It may be called “silent cyber,” but the topic is generating a lot of noise in the commercial insurance sector.
What is silent cyber?
Silent or “non-affirmative” cyber refers to potential cyber-related insurance losses arising from insurance policies that weren’t specifically designed to cover cyber risks. The policies don’t explicitly include or exclude cyber risk, which creates ambiguity and can leave coverage open to interpretation. A standalone cyber insurance policy, on the other hand, clearly outlines what is covered (aka affirmative coverage), such as privacy, business interruption and extortion coverage, to name a few.
Why is silent cyber a rising concern?
While silent cyber isn’t a new concept, it’s getting more attention with the rise of cybercrime and the cost of attacks. Simply put, businesses can’t afford to have inadequate or ambiguous cyber protection.
According to the 2019 “Cost of Cybercrime” study by Accenture and the Ponemon Institute, the average cost of cybercrime to a Canadian company was $12.1 million in 2018.1 Globally, six in seven companies (85%) experienced phishing and social engineering cyber attacks in 2018, and three-quarters (76%) suffered web-based attacks. Cybersecurity Ventures projects that the global cost of cybercrime will hit $6 trillion by 2021, up from $3 trillion in 2015.2
Furthermore, PwC’s latest Global Economic Crime and Fraud Survey found that cybercrime features in the top three most disruptive crimes experienced in almost all industries reported in the survey.3
“Within the last 10 years, we’ve seen a massive upsurge of cyber events and losses,” says Al Recio, Regional Manager, Technology & Cyber, Quebec & Atlantic Canada, at Sovereign Insurance. “In the beginning, attacks centered on obtaining personal information on a company’s client database. Now, the attacks are more sophisticated and create major disruptions and economic issues for businesses as well as other sectors within our community. We all need to understand what’s on the horizon and how we can mitigate these issues that may arise from cyber events.”
As the frequency, scale and cost of attacks continue to rise, so too does the concern around silent cyber. It’s more important than ever that policyholders understand their coverage so they’re not stuck in a position of believing they have adequate coverage when in reality, they may not. A stand-alone cyber policy helps ensure that they reduce possible gaps in protection.
Are there regulations around silent cyber?
The U.K. was the first major market to take a tough stand on silent cyber. Last year, the Prudential Regulation Authority (part of the Bank of England) called on Lloyd’s of London and the wider insurance sector to ensure the management of affirmative and non-affirmative cyber risk exposures. Following that, Lloyd’s announced that it’s mandating that all non-affirmative policies provide clarity regarding cyber coverage by either excluding or providing affirmative coverage.
“A mandate like Lloyd’s is beneficial to clients because it puts an end to the ambiguity and uncertainty regarding what’s covered and what’s not,” says Al. “As an industry, we need to do more to be clear and have affirmative language with regards to cyber risks. Within the last 6 months, we are now experiencing a market trend where certain insurers are placing cyber related exclusions on their non-cyber policy forms.”
Similarly, on the policyholder side, global ratings agency A.M. Best announced it “expects companies to be proactive and forthcoming with their own evaluation and measurement of the exposure and accumulation of their cyber liability exposure.”4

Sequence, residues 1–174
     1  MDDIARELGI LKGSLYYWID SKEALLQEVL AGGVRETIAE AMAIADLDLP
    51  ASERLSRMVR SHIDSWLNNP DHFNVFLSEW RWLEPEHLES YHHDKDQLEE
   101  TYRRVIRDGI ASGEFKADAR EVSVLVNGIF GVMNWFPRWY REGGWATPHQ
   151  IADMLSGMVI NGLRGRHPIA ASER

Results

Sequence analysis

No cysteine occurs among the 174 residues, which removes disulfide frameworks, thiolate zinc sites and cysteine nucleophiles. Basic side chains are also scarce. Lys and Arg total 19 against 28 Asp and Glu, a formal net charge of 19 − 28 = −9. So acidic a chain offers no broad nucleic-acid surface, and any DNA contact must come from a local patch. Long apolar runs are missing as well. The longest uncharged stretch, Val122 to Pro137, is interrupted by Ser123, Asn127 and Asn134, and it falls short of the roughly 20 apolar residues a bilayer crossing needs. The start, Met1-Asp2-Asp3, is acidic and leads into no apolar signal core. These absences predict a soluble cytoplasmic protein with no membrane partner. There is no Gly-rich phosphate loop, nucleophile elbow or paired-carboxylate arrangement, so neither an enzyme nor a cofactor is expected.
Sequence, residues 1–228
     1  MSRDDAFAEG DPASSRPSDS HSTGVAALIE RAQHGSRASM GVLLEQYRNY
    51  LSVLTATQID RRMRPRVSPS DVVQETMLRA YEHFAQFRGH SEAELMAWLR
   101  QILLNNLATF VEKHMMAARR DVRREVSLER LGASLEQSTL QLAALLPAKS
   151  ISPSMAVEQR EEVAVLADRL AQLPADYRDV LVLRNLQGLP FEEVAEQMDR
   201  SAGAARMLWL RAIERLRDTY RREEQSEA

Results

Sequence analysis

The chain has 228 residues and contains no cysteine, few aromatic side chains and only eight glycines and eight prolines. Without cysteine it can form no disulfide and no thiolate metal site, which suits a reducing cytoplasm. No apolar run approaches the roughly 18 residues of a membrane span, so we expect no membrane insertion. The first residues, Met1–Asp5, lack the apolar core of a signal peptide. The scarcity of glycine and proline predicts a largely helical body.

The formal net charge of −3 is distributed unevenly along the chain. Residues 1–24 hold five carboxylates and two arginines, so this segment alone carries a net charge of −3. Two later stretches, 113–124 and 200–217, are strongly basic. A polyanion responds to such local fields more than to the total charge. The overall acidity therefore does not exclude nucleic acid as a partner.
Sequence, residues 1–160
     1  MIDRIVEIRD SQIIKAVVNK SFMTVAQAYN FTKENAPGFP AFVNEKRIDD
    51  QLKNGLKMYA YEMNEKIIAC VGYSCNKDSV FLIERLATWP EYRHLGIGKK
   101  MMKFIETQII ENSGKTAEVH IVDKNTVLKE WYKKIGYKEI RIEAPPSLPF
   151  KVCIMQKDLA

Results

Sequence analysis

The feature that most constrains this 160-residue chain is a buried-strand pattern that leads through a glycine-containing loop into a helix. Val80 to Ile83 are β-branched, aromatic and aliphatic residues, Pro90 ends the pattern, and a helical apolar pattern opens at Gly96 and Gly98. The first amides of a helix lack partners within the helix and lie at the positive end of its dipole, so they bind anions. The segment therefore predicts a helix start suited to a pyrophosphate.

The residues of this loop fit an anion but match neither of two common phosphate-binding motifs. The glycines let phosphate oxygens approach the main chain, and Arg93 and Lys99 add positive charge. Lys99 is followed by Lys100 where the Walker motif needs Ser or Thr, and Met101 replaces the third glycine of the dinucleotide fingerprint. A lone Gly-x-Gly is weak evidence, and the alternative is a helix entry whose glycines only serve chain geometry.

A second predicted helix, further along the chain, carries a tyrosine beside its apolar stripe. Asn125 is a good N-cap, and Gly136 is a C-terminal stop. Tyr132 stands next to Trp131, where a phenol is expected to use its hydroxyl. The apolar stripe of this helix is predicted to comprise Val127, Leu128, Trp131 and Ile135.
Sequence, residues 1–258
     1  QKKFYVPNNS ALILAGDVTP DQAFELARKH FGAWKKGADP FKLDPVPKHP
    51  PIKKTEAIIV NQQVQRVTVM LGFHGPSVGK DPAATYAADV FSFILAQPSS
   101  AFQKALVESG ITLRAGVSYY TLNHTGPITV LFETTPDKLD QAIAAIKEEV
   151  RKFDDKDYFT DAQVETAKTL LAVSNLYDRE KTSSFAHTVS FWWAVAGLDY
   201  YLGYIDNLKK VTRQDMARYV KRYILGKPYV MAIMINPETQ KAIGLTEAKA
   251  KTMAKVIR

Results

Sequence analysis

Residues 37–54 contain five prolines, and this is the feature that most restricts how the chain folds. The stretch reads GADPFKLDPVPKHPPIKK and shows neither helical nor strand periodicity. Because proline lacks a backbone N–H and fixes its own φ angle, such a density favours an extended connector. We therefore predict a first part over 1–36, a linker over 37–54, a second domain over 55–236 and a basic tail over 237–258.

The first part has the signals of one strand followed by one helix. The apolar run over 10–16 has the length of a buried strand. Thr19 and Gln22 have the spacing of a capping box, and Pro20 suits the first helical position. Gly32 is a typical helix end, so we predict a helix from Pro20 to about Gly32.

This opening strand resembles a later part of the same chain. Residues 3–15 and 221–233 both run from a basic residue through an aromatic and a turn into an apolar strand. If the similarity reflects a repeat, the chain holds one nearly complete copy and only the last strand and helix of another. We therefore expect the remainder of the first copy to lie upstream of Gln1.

While regulations in Canada have yet to be tabled, insurers, including Sovereign Insurance, are reviewing how coverages can be placed through all policies—not just dedicated cyber policies.
What can an insurance company do to prevent potential gaps in coverage?
Both brokers and commercial property underwriters need to become more aware of the issues relating to cyber events. That starts with detailed risk assessments to clearly understand the specific cyber vulnerabilities of an organization.
For example, an industrial plant might be aware of its risk of a boiler explosion, but this type of event could also happen in a cyber-attack. A plant could be targeted by a cyber virus that disables the critical safety control systems relating to a boiler’s operational procedure, exposing the plant to a possible explosion. This could result in a major disruption in the plant’s daily operations – not to mention a serious public safety risk.
“The cost of the disruption will play heavily on the economic outlook for the plant,” says Al. “The property damage and the business interruption loss will be costly. A property underwriter may not contemplate the additional cyber exposures relating to this risk.”
Education is a key factor for all brokers and underwriters, whether they specialize in property liability, or other risks ranging from D&O, crime, environmental and other commercial divisions.
“There should be communication between the various departments and the cyber specialist, so underwriters are aware of these new exposures that were not common in the past,” says Al. “For brokers, education is the primary goal. They need to understand where the coverages lie as it relates to cyber and ensure clients are adequately protected.”
As cyber risks continue to rise, so too does the need for explicit coverage. Stand-alone cyber policies help reduce possible gaps in protection. If you’re unsure as to whether your operations are fully covered, contact your broker today.
1The Ninth Annual Cost of Cybercrime Study 2019 by Accenture and Ponemon Institute
22020 Official Annual Cybercrime Report by Cybersecurity Ventures, sponsored by Herjavec Group
3PWC’s Global Economic Crime and Fraud Survey 2020
4Moorcraft, B. (2018, November 26). What is silent cyber risk? Retrieved May 19, 2020,